Obs Date (UT)  TotTime TOT SPO ANT CAP SDA PER KCG
TUS 2009-08-07 00h 00m  Forgot to turn on cameras!
TUS 2009-08-06 00h 00m  Clouds all night
SDG 2009-08-06 07h 15m  30  11  2   3   2   11  1
TUS 2009-08-05 00h 00m  Clouds all night

TUS – Camera in Tucson operated by Carl Hergenrother
SDG – Camera in San Diego operated by Bob Lunsford
TotTime – Total amount of time each camera looked for meteors
TOT – Total number of meteors detected
SPOSporadics (meteors not affiliated with any particular meteor shower)
ANT – Antihelions
CAP – Alpha Capricornids
SDA – Southern Delta Aquariids
PER – Perseids
KCG – Kappa Cygnids


July 30/31 Meteors

Yet another great night of above average meteor totals. In Tucson the sky was better and as a result I was able to detect 61 meteors. The Southern Delta Aquariids continue to produce rates consistent with their peak. Surprisingly, the Perseids are putting on a good show even though we are 2 weeks from their max.

From Bob’s notes: “I observed another four hours this morning. The sky did not appear quite as dark as the previous night but there were no high clouds present tonight. Rates were down compared to last night, especially for the sporadic meteors.”

Obs  Date (UT)   TotTime TOT SPO ANT CAP SDA PAU PER
TUS  2009-07-31  06h 48m  61  24  4   4   14  1   14
SDG  2009-07-31  04h 00m 102  54  2   3   24  1   18

TUS – Camera in Tucson operated by Carl Hergenrother
SDG – Camera in San Diego operated by Bob Lunsford
TotTime – Total amount of time each camera looked for meteors
TOT – Total number of meteors detected
SPOSporadics (meteors not affiliated with any particular meteor shower)
ANT – Antihelions
CAP – Alpha Capricornids
SDA – Southern Delta Aquariids
PAU – Piscids Australids
PER – Perseids

July 29/30 Meteors

Rates were down last night. There are 2 possible reasons for this. One, we have passed the peak of the Southern Delta Aquariids and activity should slow for the rest of the week. Two, sky conditions in Tucson weren’t as good as the previous night as an influx of moisture made for some murky skies. It is likely that it was a combination of the 2.

Bob was able to take his meteor camera to a dark site allowing him to detect a lot more meteors than usual. From his notes: “I took the camera to dark skies and to get away from the low clouds that have been present along the coast for the past few nights. Alpine lies in the foothills of the Laguna Mountains some 25 miles east of San Diego. The low clouds acted like a blanket over the lights of San Diego and it was actually very dark. Activity was impressive both visually and through the camera. There were a few high clouds present at times, but not enough to spoil the display.”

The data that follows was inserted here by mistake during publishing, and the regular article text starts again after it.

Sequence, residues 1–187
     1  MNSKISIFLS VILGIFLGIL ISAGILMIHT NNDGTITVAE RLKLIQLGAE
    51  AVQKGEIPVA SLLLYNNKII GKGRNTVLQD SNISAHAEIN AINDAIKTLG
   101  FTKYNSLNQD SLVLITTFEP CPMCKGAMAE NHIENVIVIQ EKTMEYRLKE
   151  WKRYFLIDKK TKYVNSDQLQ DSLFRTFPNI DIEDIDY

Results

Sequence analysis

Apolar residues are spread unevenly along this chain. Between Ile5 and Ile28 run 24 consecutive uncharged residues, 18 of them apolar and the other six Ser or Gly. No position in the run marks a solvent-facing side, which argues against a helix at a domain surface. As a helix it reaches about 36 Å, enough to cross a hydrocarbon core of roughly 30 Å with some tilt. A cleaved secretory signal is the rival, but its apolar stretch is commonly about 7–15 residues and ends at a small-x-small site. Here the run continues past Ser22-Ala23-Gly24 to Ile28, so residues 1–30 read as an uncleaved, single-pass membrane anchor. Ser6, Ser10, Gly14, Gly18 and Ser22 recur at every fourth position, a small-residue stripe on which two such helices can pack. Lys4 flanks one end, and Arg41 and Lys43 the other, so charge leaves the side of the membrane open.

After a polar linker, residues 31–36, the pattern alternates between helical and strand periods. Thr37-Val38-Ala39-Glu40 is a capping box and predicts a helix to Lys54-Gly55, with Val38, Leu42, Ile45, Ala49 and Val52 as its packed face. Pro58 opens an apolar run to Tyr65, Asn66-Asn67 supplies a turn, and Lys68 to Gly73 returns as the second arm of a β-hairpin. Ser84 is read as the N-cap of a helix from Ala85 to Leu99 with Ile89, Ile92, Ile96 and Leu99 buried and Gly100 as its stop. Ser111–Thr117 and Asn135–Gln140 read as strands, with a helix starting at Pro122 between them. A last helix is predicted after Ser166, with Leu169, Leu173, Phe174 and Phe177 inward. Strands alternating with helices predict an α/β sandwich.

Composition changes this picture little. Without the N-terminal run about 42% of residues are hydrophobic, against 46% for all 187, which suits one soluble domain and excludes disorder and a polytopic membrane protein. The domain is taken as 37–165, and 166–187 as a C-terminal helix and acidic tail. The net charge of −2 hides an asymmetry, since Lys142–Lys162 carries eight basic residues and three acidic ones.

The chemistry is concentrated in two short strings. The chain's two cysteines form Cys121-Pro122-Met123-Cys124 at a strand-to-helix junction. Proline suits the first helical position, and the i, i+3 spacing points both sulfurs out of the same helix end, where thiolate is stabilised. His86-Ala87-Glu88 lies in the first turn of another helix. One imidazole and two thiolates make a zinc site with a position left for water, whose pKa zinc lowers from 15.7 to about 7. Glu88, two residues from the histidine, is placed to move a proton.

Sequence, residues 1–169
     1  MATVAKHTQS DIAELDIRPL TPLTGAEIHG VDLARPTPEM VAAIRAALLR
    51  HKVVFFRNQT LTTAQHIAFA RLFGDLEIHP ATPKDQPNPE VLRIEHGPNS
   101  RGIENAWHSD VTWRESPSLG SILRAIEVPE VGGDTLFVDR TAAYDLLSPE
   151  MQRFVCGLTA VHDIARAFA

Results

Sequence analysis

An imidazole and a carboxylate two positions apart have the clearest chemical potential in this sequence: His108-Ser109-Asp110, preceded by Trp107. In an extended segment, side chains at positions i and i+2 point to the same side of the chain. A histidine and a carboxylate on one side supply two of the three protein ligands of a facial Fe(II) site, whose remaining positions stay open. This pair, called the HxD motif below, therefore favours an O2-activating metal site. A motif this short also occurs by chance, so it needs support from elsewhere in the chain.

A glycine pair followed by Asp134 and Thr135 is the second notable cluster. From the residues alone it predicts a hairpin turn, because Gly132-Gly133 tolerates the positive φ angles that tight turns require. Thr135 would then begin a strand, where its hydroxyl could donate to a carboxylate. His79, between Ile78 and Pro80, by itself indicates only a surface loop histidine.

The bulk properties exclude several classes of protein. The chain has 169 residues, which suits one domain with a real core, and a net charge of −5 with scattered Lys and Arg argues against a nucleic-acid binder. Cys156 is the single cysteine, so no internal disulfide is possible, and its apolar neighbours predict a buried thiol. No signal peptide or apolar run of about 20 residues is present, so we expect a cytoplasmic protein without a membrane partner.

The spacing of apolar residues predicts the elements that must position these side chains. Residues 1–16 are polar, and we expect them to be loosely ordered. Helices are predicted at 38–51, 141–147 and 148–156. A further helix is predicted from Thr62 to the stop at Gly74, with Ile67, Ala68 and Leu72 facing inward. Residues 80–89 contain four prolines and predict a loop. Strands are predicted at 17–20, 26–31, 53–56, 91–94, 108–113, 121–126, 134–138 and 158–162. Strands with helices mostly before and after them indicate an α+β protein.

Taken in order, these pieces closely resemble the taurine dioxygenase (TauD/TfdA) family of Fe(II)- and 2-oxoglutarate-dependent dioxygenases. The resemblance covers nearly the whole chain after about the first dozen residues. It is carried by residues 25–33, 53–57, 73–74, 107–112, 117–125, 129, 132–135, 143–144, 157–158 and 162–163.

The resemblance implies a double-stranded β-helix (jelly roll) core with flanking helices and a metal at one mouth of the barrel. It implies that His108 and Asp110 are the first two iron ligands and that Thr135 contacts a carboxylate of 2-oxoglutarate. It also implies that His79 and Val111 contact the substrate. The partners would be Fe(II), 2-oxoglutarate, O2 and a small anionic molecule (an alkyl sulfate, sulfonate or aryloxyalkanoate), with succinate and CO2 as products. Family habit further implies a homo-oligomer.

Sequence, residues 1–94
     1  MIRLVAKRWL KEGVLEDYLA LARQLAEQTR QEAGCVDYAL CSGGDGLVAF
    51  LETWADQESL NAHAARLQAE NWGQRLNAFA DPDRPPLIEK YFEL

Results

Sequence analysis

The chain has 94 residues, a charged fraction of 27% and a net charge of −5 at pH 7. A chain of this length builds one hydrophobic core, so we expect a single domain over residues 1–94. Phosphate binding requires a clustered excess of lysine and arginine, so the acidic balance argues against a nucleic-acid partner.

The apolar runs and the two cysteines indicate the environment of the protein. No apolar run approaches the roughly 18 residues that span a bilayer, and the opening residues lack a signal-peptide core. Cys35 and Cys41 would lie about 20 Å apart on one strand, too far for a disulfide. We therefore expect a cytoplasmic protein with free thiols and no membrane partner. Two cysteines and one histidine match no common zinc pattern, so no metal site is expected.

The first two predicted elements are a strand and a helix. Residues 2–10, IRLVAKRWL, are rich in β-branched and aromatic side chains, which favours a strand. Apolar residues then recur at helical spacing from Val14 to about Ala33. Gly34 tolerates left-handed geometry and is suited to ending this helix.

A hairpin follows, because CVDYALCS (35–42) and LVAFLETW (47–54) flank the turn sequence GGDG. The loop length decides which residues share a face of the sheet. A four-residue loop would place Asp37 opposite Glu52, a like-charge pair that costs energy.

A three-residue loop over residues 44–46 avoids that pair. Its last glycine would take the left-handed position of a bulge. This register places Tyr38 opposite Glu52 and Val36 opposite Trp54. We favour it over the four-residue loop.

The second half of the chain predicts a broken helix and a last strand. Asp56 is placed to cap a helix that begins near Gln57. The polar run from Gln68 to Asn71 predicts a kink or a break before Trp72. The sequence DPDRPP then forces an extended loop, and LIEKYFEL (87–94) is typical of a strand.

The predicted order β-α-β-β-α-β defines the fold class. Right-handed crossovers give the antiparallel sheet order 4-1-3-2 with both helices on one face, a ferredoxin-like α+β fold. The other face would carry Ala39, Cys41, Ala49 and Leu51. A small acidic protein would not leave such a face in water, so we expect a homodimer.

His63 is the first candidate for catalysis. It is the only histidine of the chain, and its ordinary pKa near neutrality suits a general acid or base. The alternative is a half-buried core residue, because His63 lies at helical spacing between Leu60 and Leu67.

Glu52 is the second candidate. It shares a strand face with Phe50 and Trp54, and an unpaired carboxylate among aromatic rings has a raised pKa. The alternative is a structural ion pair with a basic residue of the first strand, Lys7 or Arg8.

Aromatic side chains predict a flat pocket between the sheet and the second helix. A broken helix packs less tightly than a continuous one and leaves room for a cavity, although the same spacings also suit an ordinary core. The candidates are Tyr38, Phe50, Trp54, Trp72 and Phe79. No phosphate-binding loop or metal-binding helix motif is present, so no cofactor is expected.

Obs  Date (UT)   TotTime TOT SPO ANT CAP SDA PAU PER
TUS  2009-07-30  08h 26m  39  18  1   2   12  0   6
SDG  2009-07-30  04h 00m 130  74  5   2   30  1   18

TUS – Camera in Tucson operated by Carl Hergenrother
SDG – Camera in San Diego operated by Bob Lunsford
TotTime – Total amount of time each camera looked for meteors
TOT – Total number of meteors detected
SPOSporadics (meteors not affiliated with any particular meteor shower)
ANT – Antihelions
CAP – Alpha Capricornids
SDA – Southern Delta Aquariids
PAU – Piscids Australids
PER – Perseids

July 28/29 Meteors

Late July is usually a time of rain showers in southern Arizona. Instead, we have been witnessing showers of a different nature. The Southern Delta Aquariids and the Alpha Capricornids are currently at their peak level of activity. These 2 showers may be producing many of the recent meteors being observed by many of you (based on your comments).

It is surprising (to me at least) how many Perseids have been detected lately. This shower is one of the best and is known to be active for many weeks before its maximum. Still with maximum 2 weeks away, the current level of activity is very encouraging. Unfortunately, the Moon will a problem during the time of the Perseid peak. Still, moon or no moon, this is always a good shower to observe.

Obs  Date (UT)   TotTime TOT SPO ANT CAP SDA PAU PER
TUS  2009-07-29  07h 48m  57  20  4   3   18  1   11

TUS – Camera in Tucson operated by Carl Hergenrother
SDG – Camera in San Diego operated by Bob Lunsford
TotTime – Total amount of time each camera looked for meteors
TOT – Total number of meteors detected
SPOSporadics (meteors not affiliated with any particular meteor shower)
ANT – Antihelions
CAP – Alpha Capricornids
SDA – Southern Delta Aquariids
PAU – Piscids Australids
PER – Perseids

July 26/27/28 Meteors – Peak of the SDA, CAP and PAU showers

The monsoon finally took a break here in southern Arizona. For the first time in over a month, the night sky has been clear of all clouds and haze. The timing couldn’t have been better since this week marks the peak activity of a number of minor showers. The Alpha Capricornids and Piscids Australids are both capable of producing 1-5 meteors per hour from a dark site. The Southern Delta Aquariids are even better at 10-20 meteors per hours from a dark site.

The best meteor of the past 2 nights was this early evening Alpha Capricornid. The video below is playing at ~1/2 speed. Still this was a rather slow meteor which is common for Alpha Caps.

CAP

The high number of detected meteors confirms that activity was up. Even with lots of active showers, about half f the activity was from Sporadic meteors that are not members of any known shower. Of the active showers, the Southern Delta Aquariids lead the pack, as expected. The Alpha Capricornids come in a close second with the Perseids (still weeks from their peak) producing a healthy number as well.

Obs  Date (UT)   TotTime TOT SPO ANT CAP SDA PAU PER
TUS  2009-07-28  08h 23m  34  20  1   3   8   0   1
TUS  2009-07-27  08h 21m  47  22  5   5   9   1   5

TUS – Camera in Tucson operated by Carl Hergenrother
SDG – Camera in San Diego operated by Bob Lunsford
TotTime – Total amount of time each camera looked for meteors
TOT – Total number of meteors detected
SPO – Sporadics (meteors not affiliated with any particular meteor shower)
ANT – Antihelions
CAP – Alpha Capricornids
SDA – Southern Delta Aquariids
PAU – Piscids Australids
PER – Perseids